TEC Should Not Be Included In Our Cumulative GPAs


Romi Chaovat ’24

Sources, such as the U.S. The Bureau of Labor Statistics, say that there will be a surge in demand for jobs in the fields of math, science, and technology. Currently, it is one of the most bustling work sectors in the United States economy. 23% of the total workforce is in STEM: Science, Technology, Engineering, and Math. Since the technology sector has only been on the rise over the past decade, some schools do not necessarily see it as essential, but STEM is the future.

With that, TEC (Technology, Engineering, and Coding) must be a part of the everyday curriculum of students in the same way other fundamental subjects are. Schools must teach students essential STEM skills such as problem-solving, mechanics, and most importantly coding. 

Luckily, Ramaz offers TEC classes to teach their students these essential skills. The problem with these classes is that they are not as organized and cohesive as other classes because most students need substantial help. Usually, the class moves slowly because there is a lot of confusion as most students are not that familiar with TEC. Unlike Math and English, which students are taught since kindergarten, elements of TEC such as coding are entirely new for them. It is a new language just like Spanish or French that students must learn. Like every other language, it takes time and commitment that many students don’t have.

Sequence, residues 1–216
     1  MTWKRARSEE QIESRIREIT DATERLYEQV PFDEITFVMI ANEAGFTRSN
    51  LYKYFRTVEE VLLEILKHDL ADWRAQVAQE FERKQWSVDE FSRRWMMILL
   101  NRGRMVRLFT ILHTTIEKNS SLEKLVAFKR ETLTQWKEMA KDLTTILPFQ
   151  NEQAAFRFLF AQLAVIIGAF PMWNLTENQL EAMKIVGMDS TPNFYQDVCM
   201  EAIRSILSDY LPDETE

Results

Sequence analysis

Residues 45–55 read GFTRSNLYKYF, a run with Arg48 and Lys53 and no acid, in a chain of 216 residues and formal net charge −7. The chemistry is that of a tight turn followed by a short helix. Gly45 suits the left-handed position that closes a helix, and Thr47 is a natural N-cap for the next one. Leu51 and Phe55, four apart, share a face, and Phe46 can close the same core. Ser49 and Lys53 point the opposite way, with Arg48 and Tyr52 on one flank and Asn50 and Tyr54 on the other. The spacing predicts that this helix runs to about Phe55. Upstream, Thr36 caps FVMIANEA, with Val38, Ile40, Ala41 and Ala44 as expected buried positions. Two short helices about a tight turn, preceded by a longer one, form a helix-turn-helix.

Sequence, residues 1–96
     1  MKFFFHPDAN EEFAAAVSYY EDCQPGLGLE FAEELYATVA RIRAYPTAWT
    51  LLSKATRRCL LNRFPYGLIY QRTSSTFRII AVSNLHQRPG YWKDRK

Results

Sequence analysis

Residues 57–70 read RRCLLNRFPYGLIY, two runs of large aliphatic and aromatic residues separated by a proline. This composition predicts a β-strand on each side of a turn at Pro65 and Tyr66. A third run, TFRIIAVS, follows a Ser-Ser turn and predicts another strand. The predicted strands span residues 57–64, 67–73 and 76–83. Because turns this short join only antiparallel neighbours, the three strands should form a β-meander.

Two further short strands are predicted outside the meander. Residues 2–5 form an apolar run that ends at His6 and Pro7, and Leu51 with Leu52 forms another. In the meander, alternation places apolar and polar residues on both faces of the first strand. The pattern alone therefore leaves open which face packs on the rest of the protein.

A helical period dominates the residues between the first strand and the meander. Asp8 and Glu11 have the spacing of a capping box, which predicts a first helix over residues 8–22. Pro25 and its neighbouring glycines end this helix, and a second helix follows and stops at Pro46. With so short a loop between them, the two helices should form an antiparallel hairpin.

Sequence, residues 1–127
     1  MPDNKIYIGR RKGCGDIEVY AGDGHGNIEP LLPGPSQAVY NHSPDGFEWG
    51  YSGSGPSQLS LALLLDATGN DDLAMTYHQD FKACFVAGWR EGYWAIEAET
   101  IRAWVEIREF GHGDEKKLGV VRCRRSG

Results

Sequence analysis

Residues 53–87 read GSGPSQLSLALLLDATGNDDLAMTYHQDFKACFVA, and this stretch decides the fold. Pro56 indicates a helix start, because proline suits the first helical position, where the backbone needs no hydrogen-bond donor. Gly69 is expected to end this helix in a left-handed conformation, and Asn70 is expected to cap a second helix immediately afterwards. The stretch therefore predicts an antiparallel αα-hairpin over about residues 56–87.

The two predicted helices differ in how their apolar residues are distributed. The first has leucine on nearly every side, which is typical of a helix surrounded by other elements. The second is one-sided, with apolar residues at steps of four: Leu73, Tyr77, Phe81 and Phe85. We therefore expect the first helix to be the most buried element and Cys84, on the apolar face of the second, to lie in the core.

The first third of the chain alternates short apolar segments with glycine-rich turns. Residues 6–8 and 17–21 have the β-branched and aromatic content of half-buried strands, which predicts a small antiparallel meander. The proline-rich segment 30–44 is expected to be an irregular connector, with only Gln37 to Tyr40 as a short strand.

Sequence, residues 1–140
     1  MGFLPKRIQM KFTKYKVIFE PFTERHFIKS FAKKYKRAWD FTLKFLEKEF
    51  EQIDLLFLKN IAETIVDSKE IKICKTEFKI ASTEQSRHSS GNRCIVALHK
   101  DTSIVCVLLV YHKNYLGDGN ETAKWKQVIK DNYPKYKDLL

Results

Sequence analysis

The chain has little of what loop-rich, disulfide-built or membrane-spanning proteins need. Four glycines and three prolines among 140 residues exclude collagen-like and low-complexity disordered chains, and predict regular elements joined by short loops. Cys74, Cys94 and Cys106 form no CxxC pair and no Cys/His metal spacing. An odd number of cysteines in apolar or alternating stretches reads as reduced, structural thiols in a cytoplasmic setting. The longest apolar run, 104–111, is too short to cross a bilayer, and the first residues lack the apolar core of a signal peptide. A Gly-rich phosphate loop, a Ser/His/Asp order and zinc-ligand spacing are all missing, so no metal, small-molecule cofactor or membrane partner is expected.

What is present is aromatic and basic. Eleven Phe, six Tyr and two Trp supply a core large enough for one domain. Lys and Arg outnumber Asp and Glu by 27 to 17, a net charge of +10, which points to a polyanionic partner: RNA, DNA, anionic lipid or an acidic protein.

Since it is relatively new, for both the school and the students, TEC not being included in students’ GPAs is the right choice. Students still get letter grades for these classes which incentivize them to put in the effort, but it does not force students to keep up perfect grades, fearing it will affect their GPA. If it was in their GPAs, it would just put added work on top of their already grueling coursework. It relieves the stress of having to learn something completely new and lets students go to TEC only focused on the subject at hand, rather than only focusing on their grades.